Sunday’s column roused the expected outcry from a local enviro.
But first, for the record, this reaction from state Sen. Lois Wolk: “You got it exactly right.”
Now, on to a lashing from Bill Jennings of the California Sportfishing Protection Alliance:
“So, the public will now be able to repurchase its own Constitutionally granted water for the enrichment of special interests thereby undercutting the principle of the public trust. And this new water that we’ll purchase back from ourselves at inflated prices, will become “abandoned” in the Delta and be available to exporters for free to make up for BDCP’s shortfall.
“The principle of “beneficiary pays” is out the door, as the dam lobby, which refused to pay for their own dam projects, has now “persuaded” our legislators to pay for their low-yield environmentally destructive dams. And they achieved this without specifying who will own the dams, where the water will come from or conducting environmental review (or in the case of Sites, even a feasibility analysis). And they even got a continuing appropriation so there will be no legislative check should things go south.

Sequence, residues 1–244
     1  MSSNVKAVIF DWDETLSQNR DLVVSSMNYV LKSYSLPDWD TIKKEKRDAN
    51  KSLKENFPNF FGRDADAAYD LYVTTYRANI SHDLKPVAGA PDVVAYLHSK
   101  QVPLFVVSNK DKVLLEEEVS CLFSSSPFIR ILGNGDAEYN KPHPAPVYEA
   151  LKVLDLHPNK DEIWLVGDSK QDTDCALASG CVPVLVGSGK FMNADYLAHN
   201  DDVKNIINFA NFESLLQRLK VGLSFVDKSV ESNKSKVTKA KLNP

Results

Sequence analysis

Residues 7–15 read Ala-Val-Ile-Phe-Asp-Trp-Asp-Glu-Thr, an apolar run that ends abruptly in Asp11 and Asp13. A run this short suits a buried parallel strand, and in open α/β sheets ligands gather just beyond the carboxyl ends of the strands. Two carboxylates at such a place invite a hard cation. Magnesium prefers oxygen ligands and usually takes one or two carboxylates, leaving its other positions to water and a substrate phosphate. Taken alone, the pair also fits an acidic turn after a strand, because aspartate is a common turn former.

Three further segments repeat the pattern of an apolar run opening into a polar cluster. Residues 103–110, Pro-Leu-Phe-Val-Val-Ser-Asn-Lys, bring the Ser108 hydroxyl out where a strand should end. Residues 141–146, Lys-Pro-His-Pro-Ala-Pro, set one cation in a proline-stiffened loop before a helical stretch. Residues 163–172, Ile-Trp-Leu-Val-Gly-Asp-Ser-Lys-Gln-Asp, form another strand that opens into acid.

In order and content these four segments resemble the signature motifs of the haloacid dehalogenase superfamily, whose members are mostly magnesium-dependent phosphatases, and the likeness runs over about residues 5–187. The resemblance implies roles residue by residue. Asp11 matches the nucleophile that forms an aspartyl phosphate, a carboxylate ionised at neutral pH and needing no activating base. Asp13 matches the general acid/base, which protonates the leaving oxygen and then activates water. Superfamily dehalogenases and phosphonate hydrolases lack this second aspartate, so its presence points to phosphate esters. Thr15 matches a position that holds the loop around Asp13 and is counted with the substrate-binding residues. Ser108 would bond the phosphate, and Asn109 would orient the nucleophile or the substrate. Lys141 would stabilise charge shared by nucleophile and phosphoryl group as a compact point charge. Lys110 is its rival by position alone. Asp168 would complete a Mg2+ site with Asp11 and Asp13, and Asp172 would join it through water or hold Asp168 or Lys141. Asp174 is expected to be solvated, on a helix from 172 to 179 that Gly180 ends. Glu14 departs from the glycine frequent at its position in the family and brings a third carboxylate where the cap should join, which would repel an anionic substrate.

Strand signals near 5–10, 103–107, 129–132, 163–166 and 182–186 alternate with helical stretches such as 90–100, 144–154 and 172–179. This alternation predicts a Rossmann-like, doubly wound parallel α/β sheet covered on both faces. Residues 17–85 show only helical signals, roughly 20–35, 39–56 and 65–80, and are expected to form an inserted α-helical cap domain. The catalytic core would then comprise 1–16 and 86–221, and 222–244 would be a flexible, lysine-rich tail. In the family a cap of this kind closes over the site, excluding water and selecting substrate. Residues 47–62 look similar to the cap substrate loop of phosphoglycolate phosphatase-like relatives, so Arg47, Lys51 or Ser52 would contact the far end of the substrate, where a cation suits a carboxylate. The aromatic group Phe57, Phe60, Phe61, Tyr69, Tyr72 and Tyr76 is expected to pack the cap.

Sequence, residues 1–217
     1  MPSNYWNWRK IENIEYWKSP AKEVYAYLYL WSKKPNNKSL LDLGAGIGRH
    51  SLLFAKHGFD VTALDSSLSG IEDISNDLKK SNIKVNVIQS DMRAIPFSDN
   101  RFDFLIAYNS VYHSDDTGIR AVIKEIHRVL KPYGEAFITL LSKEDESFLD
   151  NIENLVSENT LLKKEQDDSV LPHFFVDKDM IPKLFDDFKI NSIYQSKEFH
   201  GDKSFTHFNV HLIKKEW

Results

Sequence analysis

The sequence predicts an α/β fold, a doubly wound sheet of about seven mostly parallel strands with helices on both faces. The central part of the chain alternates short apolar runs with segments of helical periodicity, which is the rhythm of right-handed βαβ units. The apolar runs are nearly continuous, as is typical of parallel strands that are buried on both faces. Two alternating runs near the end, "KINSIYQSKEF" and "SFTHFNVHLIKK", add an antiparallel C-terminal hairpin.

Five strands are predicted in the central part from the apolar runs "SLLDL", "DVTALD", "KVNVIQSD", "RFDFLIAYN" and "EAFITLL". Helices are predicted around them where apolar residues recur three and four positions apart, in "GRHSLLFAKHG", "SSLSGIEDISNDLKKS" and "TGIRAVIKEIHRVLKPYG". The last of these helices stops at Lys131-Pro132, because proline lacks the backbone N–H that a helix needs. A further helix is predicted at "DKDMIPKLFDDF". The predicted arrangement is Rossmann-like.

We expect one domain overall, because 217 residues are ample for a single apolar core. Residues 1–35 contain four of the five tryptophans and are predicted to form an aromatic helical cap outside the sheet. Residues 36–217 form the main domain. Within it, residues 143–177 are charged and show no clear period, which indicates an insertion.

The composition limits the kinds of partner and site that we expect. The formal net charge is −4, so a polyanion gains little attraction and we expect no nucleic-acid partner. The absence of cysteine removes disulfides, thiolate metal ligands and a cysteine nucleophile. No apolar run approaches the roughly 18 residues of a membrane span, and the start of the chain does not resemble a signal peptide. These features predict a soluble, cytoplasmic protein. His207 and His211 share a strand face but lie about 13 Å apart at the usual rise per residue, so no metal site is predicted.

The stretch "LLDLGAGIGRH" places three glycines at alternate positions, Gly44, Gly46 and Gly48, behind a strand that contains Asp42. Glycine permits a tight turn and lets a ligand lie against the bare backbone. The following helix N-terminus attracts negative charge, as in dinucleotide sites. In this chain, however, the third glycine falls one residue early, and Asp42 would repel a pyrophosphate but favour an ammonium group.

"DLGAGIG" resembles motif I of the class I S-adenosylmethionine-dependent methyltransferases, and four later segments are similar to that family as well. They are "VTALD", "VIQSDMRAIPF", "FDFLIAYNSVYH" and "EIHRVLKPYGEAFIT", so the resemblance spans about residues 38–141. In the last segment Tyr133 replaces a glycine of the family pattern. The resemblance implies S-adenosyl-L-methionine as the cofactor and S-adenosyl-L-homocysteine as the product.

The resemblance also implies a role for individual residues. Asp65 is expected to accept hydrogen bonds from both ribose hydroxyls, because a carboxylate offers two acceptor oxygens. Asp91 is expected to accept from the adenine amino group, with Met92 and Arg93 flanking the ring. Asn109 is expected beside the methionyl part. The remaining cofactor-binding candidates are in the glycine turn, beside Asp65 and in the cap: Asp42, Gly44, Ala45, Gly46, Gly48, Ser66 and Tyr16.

“In order to return to low yield, environmental destructive big dam building supply side failures, Brother Brown cut 36% of funds to recycling and groundwater remediation that would create near-term “new” water, promote regional self-sufficiency, create more jobs and reduce dependence on the Delta. But hey, we’re more comfortable with 19th century supply side failures than 21st century demand side strategies.
“The principle that projects should mitigate their adverse impacts is also out the door, as the state and federal projects have now been relieved of having to fully mitigate the enormous damage they’ve already done to the Delta.
“And for a state staggering under $777 billion in debts, where voters have already authorized $128 billion in general fund bonds, we now add another $7 billion that crowds out other critical investments in public schools, public roads, public health and safety and decaying infrastructure.
“But, other than these, and another dozen minor reasons, our fiscally responsible environmentally caring legislators really stood up and protected our interests.”
I don’t want to argue over the dams. They’re dumb. The purchase of water bears closer scrutiny, if only because Jennings and other local environmental champions put the darkest interpretation on it. We need to understand before November if they are right, or whether years of dealing with the state on water have irreperably jaundiced their view of any state water bill. I wouldn’t blame them.